The proposed $2.2-billion Kharyaga-Indiga pipeline will stretch more than 450 kilometers (280 miles) and is designed to pump 12 million metric tons per year (240,000 bbl/d) of oil from a major deposit in northwestern Russia to the country's Arctic coast.
Under existing plans, the crude will then be loaded onto tankers and shipped to Europe and North America.
"We have held public hearings and the feasibility study on investments has been turned over for a state expertise," Yevgeny Astafyev, a vice president of the Transneft oil pipeline company, said, adding that a government resolution is needed to begin construction.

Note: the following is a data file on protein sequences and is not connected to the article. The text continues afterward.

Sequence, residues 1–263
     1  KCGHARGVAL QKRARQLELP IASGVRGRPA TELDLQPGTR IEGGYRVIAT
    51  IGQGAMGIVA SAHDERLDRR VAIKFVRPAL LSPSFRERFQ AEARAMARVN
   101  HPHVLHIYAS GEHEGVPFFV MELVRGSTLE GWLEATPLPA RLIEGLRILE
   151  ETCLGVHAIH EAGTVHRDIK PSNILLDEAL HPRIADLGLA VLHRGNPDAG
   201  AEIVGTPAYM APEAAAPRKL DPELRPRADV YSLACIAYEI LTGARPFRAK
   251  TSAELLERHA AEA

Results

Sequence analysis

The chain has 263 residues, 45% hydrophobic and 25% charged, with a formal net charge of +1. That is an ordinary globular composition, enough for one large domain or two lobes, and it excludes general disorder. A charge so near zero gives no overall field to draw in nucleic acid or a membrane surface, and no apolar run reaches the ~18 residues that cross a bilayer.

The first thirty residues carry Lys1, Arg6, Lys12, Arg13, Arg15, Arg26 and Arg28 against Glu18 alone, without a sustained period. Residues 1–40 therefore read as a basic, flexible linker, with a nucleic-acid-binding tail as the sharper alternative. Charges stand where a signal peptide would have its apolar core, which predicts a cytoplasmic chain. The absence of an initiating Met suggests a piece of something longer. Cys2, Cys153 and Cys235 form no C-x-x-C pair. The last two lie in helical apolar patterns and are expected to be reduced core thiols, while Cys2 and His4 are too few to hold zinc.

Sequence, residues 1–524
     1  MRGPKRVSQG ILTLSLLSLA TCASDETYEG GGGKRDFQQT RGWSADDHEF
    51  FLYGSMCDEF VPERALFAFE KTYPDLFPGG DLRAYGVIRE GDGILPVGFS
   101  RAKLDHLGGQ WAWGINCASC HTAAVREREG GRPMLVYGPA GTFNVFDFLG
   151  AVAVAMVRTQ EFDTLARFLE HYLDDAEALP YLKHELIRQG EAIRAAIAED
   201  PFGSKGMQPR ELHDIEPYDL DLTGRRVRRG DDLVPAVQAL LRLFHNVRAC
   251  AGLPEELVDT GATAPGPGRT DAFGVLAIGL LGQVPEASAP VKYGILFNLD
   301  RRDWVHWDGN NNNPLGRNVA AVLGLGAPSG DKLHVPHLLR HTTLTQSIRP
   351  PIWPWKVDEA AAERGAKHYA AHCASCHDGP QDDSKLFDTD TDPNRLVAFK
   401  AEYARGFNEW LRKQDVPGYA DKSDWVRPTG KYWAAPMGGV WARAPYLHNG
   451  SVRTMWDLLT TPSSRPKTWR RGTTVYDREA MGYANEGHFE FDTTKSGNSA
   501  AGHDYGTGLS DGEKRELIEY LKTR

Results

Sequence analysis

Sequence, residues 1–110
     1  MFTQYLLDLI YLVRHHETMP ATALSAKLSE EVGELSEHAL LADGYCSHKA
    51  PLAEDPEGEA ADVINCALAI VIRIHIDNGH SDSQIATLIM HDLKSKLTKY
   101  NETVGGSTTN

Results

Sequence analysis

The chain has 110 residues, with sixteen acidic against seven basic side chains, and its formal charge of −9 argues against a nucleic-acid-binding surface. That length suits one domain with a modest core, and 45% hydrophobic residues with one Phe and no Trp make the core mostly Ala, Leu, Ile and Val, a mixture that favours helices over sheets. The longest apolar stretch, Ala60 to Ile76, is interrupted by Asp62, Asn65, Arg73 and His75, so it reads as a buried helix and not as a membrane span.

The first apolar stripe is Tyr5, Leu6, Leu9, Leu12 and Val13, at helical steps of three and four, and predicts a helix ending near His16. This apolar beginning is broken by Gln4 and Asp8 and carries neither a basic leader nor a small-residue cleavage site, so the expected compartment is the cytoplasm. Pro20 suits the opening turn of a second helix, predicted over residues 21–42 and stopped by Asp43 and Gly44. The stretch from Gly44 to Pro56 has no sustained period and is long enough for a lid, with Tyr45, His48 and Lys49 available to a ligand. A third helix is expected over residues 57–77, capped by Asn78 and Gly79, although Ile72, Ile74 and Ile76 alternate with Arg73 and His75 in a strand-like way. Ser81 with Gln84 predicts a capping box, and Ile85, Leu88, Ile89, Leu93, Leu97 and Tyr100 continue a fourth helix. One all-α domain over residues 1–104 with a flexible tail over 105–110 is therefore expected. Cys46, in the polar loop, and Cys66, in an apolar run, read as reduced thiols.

He added that guarantees from domestic crude suppliers and foreign customers were also needed for work to begin.
In April, the chief executive of Transneft said a feasibility study for the pipeline, which would source oil from the Timan-Pechora basin, could be completed in November.
He said once the Kharyaga-Indiga oil pipeline went online, higher-grade Timan-Pechora crude would not have to be mixed with Russia's standard Urals blend, which has a higher sulfur content.
The Timan-Pechora field's recoverable reserves have been reported at 20 billion barrels of oil equivalent, with crude accounting for 66%, natural gas for 30%, and condensate for 4%.